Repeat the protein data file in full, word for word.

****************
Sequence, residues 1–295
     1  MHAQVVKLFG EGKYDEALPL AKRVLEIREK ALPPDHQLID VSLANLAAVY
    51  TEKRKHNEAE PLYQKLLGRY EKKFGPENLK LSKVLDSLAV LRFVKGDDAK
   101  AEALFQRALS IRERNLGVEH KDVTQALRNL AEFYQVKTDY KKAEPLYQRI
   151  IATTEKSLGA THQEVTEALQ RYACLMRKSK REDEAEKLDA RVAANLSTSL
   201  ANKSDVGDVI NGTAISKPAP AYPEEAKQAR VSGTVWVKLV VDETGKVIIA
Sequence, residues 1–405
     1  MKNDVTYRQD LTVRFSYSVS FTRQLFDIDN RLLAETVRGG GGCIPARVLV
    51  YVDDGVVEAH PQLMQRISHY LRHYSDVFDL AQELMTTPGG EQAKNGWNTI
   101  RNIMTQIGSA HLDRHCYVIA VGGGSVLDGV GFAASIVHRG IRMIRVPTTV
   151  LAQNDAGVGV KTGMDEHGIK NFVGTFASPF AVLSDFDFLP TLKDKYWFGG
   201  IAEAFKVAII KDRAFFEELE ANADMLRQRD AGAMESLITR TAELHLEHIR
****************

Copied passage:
Sequence, residues 1–295
     1  MHAQVVKLFG EGKYDEALPL AKRVLEIREK ALPPDHQLID VSLANLAAVY
    51  TEKRKHNEAE PLYQKLLGRY EKKFGPENLK LSKVLDSLAV LRFVKGDDAK
   101  AEALFQRALS IRERNLGVEH KDVTQALRNL AEFYQVKTDY KKAEPLYQRI
   151  IATTEKSLGA THQEVTEALQ RYACLMRKSK REDEAEKLDA RVAANLSTSL
   201  ANKSDVGDVI NGTAISKPAP AYPEEAKQAR VSGTVWVKLV VDETGKVIIA
Sequence, residues 1–405
     1  MKNDVTYRQD LTVRFSYSVS FTRQLFDIDN RLLAETVRGG GGCIPARVLV
    51  YVDDGVVEAH PQLMQRISHY LRHYSDVFDL AQELMTTPGG EQAKNGWNTI
   101  RNIMTQIGSA HLDRHCYVIA VGGGSVLDGV GFAASIVHRG IRMIRVPTTV
   151  LAQNDAGVGV KTGMDEHGIK NFVGTFASPF AVLSDFDFLP TLKDKYWFGG
   201  IAEAFKVAII KDRAFFEELE ANADMLRQRD AGAMESLITR TAELHLEHIR